How Akron sculptor Woodrow Nash’s journey led to the art he makes today

written by Roger Riddle; photos courtesy of Woodrow Nash

As sculptor Woodrow Nash came of age in the ‘50s, ‘60s, and on into the ‘70s, he says Akron lacked an arts scene of any kind. So much so that he didn’t have anyone to look to or to mentor him. He was already artistically inclined and loved to draw and paint. It came naturally and he embraced it.

Nash started high school attending Buchtel, which was predominantly white at the time. Later he moved from Buchtel to South High School, where for the first time he found himself at a predominantly black school. He remembers a moment when he was drawing and a classmate walked up to him and asked, “Why you always draw white people?”

woodrow art2It had never occurred to him that he did. The style of art he learned came through the influences of his white instructors. This would be a turning point in how he viewed and explored art.

Today Nash defines his style as “African-Nouveau,” a combination of 15th century Benin from the Southwest of Africa, with 18th century Art Nouveau of Europe. The absence of eyes to draw the viewer into the piece – taken from the Benin style – is a mainstay of Nash’s work. His pieces also feature long lines that suggest a fluidity and movement, making each piece seem as if they are about to come alive. This is an element he found in Art Nouveau style.

However, his African-Nouveau style was not the beginning of his professional career. It developed after a stint in New York during the ‘70s when the Madison Avenue ad agencies were still going strong and Nash was interested in making commercial art.

“If you wanted to be in commercial art, you went to New York,” Nash explains.

woodrow art3While in New York, Nash attended the Pell School of Art, a school specializing in commercial art. After receiving an associate art degree, he began to work as a freelance artist, and eventually began to design album covers for the Music Minus One and Inner City Jazz labels – two labels owned by Irv Kratka.

The ‘70s were a great time for jazz in New York. The fusion movement, as well as a classic revival period, was going strong, and Kratka began releasing albums from artists such as Jeff Lorber Fusion, Ornette Cobb, Cat Anderson and Lionel Hampton, to name a few. During that time period, Nash created roughly 40 album covers for them.

It was a good time to live in New York. Nash spent some of his free time listening to jazz in clubs like the famed Village Gate, and the Cellar on the upper west side. Sometimes he even stopped in dance clubs like Leviticus and Justine’s. However, he feels that he couldn’t live there now – even though he is heading there in a week for a short visit.

“But to live there? Now I need a house and a backyard, so I can cookout,” he states.

Nash made the decision to come back to Akron so that he could be with his family. Now he has those comforts right here in his hometown.

“I had two children from a previous marriage,” he says. “They were going through some changes, and I felt that it would be best to give up my bachelor, wild life – which I was really enjoying at that time – and come back and do the fatherly thing.”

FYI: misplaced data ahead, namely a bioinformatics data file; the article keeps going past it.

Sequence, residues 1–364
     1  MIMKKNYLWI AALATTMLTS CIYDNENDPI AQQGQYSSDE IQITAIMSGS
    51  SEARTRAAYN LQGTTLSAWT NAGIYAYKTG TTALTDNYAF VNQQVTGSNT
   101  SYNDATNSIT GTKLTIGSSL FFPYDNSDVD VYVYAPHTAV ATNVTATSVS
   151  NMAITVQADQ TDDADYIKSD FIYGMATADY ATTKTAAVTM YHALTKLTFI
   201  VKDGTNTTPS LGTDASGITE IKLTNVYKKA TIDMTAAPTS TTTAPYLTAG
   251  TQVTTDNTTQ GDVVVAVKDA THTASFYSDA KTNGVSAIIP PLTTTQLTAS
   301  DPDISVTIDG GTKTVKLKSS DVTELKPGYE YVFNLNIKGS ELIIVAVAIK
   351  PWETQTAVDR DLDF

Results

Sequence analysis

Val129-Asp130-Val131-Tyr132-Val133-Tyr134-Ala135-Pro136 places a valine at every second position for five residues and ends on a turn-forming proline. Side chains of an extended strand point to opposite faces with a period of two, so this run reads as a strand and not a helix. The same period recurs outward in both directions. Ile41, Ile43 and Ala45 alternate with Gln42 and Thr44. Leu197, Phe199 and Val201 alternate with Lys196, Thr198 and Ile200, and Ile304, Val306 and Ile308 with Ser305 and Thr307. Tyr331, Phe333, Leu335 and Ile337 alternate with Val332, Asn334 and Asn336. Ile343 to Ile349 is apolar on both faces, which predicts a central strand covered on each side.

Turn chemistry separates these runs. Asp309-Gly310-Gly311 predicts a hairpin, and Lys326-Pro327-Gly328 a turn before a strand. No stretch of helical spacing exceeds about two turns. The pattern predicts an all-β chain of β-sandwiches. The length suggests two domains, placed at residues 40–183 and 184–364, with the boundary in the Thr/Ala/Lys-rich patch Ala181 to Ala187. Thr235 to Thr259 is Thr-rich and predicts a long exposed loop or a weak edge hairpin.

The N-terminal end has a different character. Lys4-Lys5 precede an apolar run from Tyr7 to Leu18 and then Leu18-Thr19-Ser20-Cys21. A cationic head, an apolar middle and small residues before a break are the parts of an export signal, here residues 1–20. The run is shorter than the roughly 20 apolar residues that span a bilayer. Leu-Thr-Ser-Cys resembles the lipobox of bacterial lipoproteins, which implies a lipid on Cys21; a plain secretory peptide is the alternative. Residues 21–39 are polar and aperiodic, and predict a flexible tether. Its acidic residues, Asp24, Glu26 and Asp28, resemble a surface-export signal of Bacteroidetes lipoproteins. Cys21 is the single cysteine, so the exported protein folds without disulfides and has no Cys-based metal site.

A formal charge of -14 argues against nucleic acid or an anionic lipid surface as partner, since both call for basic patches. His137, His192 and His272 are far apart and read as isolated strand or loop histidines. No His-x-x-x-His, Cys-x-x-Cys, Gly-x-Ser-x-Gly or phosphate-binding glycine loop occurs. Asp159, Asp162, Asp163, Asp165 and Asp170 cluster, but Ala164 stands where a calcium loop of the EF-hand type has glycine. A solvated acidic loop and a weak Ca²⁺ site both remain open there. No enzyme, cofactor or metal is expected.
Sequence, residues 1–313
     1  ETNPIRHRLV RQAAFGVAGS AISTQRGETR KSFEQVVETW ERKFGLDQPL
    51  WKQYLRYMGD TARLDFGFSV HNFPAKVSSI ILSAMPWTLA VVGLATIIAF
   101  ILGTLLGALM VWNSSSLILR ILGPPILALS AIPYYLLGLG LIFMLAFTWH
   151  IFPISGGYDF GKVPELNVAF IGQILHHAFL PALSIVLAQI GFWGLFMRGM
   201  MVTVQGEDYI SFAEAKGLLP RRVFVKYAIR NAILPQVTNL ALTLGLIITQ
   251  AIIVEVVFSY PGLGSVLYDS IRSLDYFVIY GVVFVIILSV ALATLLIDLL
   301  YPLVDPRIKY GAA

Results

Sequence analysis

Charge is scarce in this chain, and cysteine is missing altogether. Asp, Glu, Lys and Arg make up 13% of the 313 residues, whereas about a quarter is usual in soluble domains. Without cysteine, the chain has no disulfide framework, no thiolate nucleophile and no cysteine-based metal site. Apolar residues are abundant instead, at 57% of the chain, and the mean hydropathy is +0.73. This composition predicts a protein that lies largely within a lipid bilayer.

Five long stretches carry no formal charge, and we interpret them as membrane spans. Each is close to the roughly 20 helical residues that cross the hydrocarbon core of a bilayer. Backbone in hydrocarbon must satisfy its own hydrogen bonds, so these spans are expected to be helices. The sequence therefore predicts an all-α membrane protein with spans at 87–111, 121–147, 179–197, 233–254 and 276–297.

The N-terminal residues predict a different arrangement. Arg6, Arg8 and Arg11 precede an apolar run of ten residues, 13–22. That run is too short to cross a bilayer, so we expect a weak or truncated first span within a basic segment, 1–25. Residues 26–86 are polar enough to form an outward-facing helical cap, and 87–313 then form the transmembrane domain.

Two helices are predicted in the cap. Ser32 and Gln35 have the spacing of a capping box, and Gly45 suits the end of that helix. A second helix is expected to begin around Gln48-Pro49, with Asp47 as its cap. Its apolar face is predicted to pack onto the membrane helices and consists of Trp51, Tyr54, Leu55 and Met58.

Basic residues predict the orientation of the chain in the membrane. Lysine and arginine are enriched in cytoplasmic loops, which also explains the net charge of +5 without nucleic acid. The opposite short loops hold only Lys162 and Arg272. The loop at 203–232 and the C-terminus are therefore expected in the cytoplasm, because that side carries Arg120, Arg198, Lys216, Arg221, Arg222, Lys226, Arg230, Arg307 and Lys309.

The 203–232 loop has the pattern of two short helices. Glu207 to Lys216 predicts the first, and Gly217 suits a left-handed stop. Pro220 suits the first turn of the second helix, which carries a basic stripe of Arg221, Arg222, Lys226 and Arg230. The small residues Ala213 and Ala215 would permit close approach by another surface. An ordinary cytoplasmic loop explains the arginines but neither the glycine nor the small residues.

Visit Nash’s studio, The Rage Gallery, at 800 Copley Road in Akron. Call 330-253-7040 to inquire about his sculptures.

Along with being close to his family, the cost of living here has allowed him to open his own studio and gallery on Copley Road. His work has now gained so much recognition that art lovers and galleries nationwide come to him. He is well aware that this lifestyle is the exception to the rule here in Akron when it comes to other artists.

Though Akron’s art scene has grown since Nash’s schoolboy days, you get the sense that it has not grown to where he would like to see it. “It’s not because there’s not talent here,” Nash says.

He sees Akron’s established artists as working more independently of each other and outside of what is going on at the Akron Art Museum. He also thinks a lot of Akron’s young artists have what it takes to be successful, they just don’t know how to make that talent work for them – a skill he learned during his days as a commercial artist in New York.

“It’s one thing to have a product, but it’s another thing to take that product to market where people actually want to purchase it,” Nash says. “And that’s what I learned in the advertising industry.”

Because the business side of art has not been nurtured in Akron’s artists, he sees a lot of talented artists go in other directions out of fear of living the “starving artist” stereotype.

Along with learning skills to market themselves, Nash offers a bit of advice for up and coming artists that he followed himself: “I would tell them to leave Akron.”

He goes on to clarify, “If you are going to be making statements – about who you are, what you feel about this, what you feel about that – you have to experience something.” Nash feels these experiences might be difficult to find when you are limited to Akron.

In Nash’s case, the journey from Akron to New York and back is reflected in his plainspoken confidence and his stunning, larger than life sculptures. There is no question that an artist from Akron can make it on a grand stage. Nash is living proof.

Roger Riddle is a DJ and the Chief Curator for Unbox Akron. You can contact him at roger.riddle @